Documenting the "Monster from the Skies": Photographs Telling the Story of the 1953 Waco Tornado

"Monster From The Skies," Waco Tornado, May 1953

“It was so wide and the rain so heavy, it was impossible for anyone in the city to see the funnel approaching.” The cover of this publication demonstrates how T.E. Caldwell of Thornton, Texas, remembers how this storm on May 11, 1953 looked.

This week marks the 60th anniversary of the May 11, 1953, tornado that hit Waco, Texas, causing the deaths of 114 people. To honor those who lost their lives on this tragic day, and the great loss of a large part of Waco’s central business district, we have put on our Flickr page some unseen or seldom seen photographs of the affected areas of Waco, before and after this storm.

This group of images includes digitized 35mm, 4×5 and 8×10 photograph negatives, Kodachrome slides, stereo-slides, and printed photos, and features images captured by Waco photographers such as Hiram Blaine Sherrill, Randall W. Todd, Fred Marlar, and the Army Air Force Photography Division. We also included “before” photos, giving us a sense of what these stricken parts of Waco were like before the catastrophic storm.

Before and After: The Devastation of the 1953 Waco Tornado

The top image, taken by Fred Marlar in about 1951, contrasts with the image below taken by Jimmie Willis of the same vicinity after the 1953 tornado.

Fred Gildersleeve, a well-known Waco photographer, also documented the storm’s wreckage. In a 1977 oral history interview, Waco historian Roger Conger remarked of Gildersleeve that “…Waco was most fortunate in having him here because he rode the crest of Waco’s remarkable development during the first twenty-five or thirty years of this century.” But sadly, just a few years prior to his death in 1958, he also saw the destruction of part of the city he had made a living photographing. He likely lost friends in the tragedy. However, like his earlier work, his documentation of the aftermath of the 1953 Waco Tornado helps to record an important part of the city’s history.

Before and After the Tornado, South Side of Waco, Texas, City Square, 1953 Waco Tornado

Before (1950) and after (1953) the tornado, south side of Waco, Texas, city square, by Fred Gildersleeve

Another photographer whose work is being brought to light is Dr. Hannibal “Joe” Jaworski. He resided in the nearby Roosevelt Hotel (400 Austin Avenue) and had a medical practice on the third floor of the Amicable (ALICO) Building, on the corner of 5th and Austin. In the aftermath of the storm, he led medical care of the wounded at Waco’s Hillcrest Hospital. Jaworski previously served as a colonel in the U.S. Army Medical Corp, and so his experience earned during WWII made his contribution vital in helping those injured in this catastrophic natural disaster.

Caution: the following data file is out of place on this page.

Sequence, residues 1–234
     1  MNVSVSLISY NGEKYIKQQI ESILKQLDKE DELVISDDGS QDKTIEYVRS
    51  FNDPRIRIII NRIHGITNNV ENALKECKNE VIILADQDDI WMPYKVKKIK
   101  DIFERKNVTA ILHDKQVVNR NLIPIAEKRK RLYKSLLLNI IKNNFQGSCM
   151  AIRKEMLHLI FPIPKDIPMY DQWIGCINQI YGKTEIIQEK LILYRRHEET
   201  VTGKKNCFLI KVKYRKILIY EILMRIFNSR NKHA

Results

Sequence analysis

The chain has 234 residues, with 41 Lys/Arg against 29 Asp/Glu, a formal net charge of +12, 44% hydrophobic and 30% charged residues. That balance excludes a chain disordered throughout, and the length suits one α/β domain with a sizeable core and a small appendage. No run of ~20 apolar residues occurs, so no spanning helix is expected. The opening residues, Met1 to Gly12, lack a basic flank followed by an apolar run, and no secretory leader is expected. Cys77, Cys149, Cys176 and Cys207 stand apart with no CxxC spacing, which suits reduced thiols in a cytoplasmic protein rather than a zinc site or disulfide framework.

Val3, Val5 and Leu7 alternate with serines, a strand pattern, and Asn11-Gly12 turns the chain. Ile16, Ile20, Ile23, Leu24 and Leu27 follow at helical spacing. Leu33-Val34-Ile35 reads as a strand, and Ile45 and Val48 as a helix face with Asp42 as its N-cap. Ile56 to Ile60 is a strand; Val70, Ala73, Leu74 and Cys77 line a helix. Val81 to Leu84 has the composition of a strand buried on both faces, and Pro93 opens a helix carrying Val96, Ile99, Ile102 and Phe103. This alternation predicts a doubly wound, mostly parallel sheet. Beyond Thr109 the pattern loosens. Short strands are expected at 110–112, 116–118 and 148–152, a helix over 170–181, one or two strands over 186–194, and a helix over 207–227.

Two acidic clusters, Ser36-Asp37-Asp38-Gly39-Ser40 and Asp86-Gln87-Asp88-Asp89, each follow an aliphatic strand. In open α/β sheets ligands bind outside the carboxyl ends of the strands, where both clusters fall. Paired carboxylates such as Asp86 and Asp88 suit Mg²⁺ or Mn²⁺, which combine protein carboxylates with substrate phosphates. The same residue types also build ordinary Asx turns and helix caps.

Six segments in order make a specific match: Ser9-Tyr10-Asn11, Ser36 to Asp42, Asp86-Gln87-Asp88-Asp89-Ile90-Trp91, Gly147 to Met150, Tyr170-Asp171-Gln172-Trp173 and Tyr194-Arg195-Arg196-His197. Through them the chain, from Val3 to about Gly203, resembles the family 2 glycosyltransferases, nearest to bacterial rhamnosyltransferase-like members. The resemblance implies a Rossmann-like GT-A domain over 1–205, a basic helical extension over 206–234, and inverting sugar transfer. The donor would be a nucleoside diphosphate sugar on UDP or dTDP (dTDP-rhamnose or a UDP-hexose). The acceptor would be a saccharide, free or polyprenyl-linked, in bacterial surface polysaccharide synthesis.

First Responders to the 1953 Waco Tornado (2)

The collapse of the Padgitt’s and RT Dennis buildings onto 5th Street, by Hannibal “Joe” Jaworski

When going to some of these hard-hit areas now, all that remains are some empty lots and historical markers. However, there is nothing like a photograph taken during this time or just before to help us realize why this event was sometimes referred to as the “Monster from the Skies.”

Check out more before and after images of the 1953 Waco tornado in our Flickr slideshow. Click the arrow to make the slideshow start, and click the crosshairs in the bottom right corner to make the slideshow full-screen.

By Geoff Hunt, Audio and Visual Curator

Discover more about the 1953 Waco tornado…

This entry was posted in Amicable Alico Building, Army Air Force Photography Division, Dr Pepper, Fred Gildersleeve, Fred Marlar, Hannibal "Joe" Jaworski, Hiram Blaine Sherrill, photographic negatives, Randall Todd, Roger Conger, tornado, Waco, Waco tornado 1953. Bookmark the permalink.

3 Responses to Documenting the "Monster from the Skies": Photographs Telling the Story of the 1953 Waco Tornado

  1. Andy says:

    The mayor of Waco on that day was Ralph Wolf, who in his first season as Baylor basketball coach, was aboard the bus which was hit by the I.& G.N. “Sunshine Special” train on January 22, 1927.

    • Amanda Norman says:

      Thank you for contributing that contextual information, Andy! That’s right, Wolf did survive the train-bus crash that killed the 10 men who became known as the Immortal Ten. He continued to coach, then went on to serve Baylor as its athletic director. He also was executive vice president of the Baylor Stadium Corporation that oversaw the construction of the Baylor football stadium in the 1950s. He was lauded for his leadership of Waco through the aftermath of the tornado.

  2. Pingback: Texas over Time: Austin Avenue, Waco | The Texas Collection

Leave a Reply

Your email address will not be published. Required fields are marked *

You may use these HTML tags and attributes: <a href="" title=""> <abbr title=""> <acronym title=""> <b> <blockquote cite=""> <cite> <code> <del datetime=""> <em> <i> <q cite=""> <strike> <strong>